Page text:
In honor of Life, the Universe, and Everything, I will be doing a 3 part (at least) piece on the writing convention. I’m starting off with an interview with David Farland, a regular LTUE panelist and an amazing writer and teacher. (author note: now a 20 part)
This post is part 1 of 20. The table of contents for all LTUE posts can be found here
“I believe that storytelling can and should be a fine art, and that as practitioners of that art, we need to invest a great deal of ourselves into telling great stories, no matter what age our readers are or what the writer’s interests.“
I first heard of David Wolverten/Farland on writing excuses. Little did I know what a privilege it was to be hearing advice from such a prolific figure in speculative fiction.
Dave Wolverton/David Farland is a New York Times bestselling author with over 50 novels to his credit, most notably his Runelords series. He has won many awards for his work and is the lead judge for the world’s largest science fiction and fantasy writing competition, and has trained dozens of bestselling authors, including Brandon Sanderson (Wheel of Time), Brandon Mull (Fablehaven), James Dashner (The Mazerunner) and Stephenie Meyer (Twilight).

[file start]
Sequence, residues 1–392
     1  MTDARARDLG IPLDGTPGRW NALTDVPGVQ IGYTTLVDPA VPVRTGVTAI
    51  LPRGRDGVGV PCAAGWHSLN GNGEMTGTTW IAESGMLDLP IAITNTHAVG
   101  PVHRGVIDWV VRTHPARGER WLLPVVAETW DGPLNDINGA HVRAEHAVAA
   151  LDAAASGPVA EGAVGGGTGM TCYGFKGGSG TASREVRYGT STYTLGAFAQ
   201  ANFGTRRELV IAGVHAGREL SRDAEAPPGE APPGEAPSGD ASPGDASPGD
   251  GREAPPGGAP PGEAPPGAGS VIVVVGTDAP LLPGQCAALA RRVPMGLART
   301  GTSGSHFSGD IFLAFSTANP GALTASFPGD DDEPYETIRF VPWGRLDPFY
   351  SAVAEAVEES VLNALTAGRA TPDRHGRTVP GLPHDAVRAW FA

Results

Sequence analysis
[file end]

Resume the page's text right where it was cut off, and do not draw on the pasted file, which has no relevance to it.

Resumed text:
Dave has also worked as a greenlighting analyst in Hollywood and as a videogame designer and scripter. In 1999, he set the Guinness record for the world’s largest single-person, single-book signing.
“All that you had to do was look at your story in every possible way that a judge might, and then try to make sure that it was excellent in each of those ways.”
Mike Bacera: The David Farland/Wolverten the empire is everywhere. I read your bio, and I didn’t realize all the things you are and have been involved in (StarCraft Broodwar!?) Tell us about your current projects and also maybe some new ones on the Horizon.